We sometimes wonder what kind of people can live in a house with no bookshelves। Well, I suppose you can borrow every single book you read, or give it away after you do, but that doesn’t seem quite right, does it?

I can’t think of a single room in our house that doesn’t have at least a few books, even the smallest rooms, yes I think even the closets and the garage, the latter because that is the marshalling space for books on their way to being donated or recycled in some manner. See left.

“They also serve who only sit on their shelves and wait,” with apologies to John Milton I think.

A good friend who is really a master craftsman, especially with wood, did some interior re-modeling for us about 20 years ago, including some shelves and storage places below in our family room. Here is a picture to the right.

As you can see, Carol gets to use this space quite a bit too. The storage space is below, including a place for a TV. Of course, what can one do with large books that don’t fit conveniently in ordinary bookshelves? The easiest solution is to just pile them up in a neat way of course, like across the room next to the fireplace in the family room.

Or you can look for an end table that is better than just a place to put a lamp.

I’m pretty sure that these were screwed into the wall when we moved in to 3033 Ramada Drive. When I pointed out that I expected them to stay, the former owner’s kid quickly went to the living room and the bedroom to rip out a bunch of speakers that he had fastened to the wall, so we lived with loose wires high on the walls for some years before finally fixing that problem.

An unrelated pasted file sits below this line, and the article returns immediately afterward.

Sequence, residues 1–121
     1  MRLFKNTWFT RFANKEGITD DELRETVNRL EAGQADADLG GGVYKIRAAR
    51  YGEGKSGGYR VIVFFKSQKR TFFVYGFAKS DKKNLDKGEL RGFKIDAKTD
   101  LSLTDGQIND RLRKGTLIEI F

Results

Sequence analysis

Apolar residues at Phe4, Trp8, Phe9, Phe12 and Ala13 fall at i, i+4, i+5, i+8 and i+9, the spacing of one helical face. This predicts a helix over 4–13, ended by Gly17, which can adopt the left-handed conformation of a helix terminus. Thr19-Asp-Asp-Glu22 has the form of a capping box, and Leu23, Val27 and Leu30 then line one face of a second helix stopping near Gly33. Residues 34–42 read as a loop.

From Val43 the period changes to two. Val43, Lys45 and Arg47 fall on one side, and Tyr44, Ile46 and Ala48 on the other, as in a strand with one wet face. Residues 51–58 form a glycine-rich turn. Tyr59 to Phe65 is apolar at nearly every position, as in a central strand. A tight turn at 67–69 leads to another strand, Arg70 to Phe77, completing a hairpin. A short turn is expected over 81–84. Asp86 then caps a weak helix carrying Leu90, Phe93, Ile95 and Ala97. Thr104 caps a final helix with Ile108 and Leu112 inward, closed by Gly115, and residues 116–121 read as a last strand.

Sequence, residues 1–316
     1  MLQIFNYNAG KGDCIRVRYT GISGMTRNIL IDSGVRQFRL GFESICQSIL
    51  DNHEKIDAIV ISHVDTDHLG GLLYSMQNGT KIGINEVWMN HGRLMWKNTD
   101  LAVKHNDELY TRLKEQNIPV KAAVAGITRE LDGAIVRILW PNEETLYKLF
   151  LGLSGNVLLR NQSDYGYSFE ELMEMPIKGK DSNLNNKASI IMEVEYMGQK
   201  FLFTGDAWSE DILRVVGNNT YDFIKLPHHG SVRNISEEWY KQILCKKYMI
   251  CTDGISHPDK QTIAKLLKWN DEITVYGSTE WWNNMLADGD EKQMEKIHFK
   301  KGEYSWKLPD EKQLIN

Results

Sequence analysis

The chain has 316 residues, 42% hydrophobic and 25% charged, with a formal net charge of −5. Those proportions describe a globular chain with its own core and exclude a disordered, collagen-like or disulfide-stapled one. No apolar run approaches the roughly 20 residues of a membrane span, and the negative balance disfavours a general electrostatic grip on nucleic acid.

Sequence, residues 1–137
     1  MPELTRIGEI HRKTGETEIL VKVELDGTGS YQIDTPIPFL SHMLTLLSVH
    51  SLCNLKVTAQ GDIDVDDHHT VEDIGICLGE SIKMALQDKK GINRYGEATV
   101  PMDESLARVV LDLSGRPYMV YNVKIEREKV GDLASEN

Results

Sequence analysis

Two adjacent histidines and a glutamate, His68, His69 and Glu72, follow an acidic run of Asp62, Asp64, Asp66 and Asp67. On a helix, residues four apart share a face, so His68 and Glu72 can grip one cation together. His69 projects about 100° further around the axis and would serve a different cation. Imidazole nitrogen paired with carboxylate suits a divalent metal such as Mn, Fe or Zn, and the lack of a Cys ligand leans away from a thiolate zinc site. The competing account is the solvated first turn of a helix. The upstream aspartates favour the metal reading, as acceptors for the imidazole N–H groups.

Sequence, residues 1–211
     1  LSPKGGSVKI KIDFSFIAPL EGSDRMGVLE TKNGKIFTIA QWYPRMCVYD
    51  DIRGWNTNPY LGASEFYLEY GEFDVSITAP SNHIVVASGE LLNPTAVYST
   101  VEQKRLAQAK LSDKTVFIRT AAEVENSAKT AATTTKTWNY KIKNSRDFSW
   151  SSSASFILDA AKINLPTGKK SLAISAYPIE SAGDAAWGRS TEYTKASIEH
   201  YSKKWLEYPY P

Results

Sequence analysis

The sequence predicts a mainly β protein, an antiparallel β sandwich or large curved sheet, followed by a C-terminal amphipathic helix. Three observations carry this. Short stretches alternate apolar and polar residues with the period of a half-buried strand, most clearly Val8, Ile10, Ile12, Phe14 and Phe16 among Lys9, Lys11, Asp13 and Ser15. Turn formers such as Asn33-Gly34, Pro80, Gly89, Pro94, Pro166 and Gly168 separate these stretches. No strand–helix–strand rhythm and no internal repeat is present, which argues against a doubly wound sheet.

I think Mike Brown, the leader of the Band of Renown, put in some similar shelves on a wall in our bedroom, soon after moving in I would guess.

Probably about 12 or 15 years ago I was moseying around Billings Nursery antique shop and saw this absolutely beautiful cherry free standing bookshelf. Right.

I didn’t even look at the price tag it was so stunningly beautiful, nor would I take even the chance of haggling over the price. This picture doesn’t really do it justice. It stands in our upstairs hallway. I like to keep my favorite books there because it is so beautiful.